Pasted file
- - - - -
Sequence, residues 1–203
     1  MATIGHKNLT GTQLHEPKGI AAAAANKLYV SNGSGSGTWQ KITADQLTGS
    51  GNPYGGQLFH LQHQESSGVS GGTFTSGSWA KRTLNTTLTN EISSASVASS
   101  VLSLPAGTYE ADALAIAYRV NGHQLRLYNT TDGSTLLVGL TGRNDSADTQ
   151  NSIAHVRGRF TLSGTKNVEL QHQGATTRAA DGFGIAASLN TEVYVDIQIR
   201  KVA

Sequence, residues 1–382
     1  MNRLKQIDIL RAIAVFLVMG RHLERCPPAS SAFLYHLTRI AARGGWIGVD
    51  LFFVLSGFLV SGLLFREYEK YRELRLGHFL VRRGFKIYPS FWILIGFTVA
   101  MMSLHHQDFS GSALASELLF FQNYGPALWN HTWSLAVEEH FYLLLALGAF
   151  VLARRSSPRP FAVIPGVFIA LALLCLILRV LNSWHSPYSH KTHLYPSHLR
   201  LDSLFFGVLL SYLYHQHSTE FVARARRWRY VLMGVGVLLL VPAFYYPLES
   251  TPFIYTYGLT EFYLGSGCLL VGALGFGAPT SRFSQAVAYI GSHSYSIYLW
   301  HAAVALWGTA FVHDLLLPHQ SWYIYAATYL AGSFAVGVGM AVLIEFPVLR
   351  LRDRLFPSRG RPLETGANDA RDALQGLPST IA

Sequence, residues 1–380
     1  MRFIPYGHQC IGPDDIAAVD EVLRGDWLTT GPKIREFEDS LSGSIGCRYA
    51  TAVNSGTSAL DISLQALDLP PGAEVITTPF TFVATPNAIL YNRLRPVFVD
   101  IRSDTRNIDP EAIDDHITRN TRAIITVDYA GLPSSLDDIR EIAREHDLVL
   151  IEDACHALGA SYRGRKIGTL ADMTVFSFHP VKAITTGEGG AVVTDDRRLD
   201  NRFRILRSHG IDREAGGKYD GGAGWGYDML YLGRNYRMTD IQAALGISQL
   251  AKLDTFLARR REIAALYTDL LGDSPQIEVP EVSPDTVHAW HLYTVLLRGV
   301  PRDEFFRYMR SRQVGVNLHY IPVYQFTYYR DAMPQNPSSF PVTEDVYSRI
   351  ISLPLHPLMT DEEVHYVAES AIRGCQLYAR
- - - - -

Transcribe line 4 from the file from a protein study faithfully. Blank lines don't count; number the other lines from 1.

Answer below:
   101  VLSLPAGTYE ADALAIAYRV NGHQLRLYNT TDGSTLLVGL TGRNDSADTQ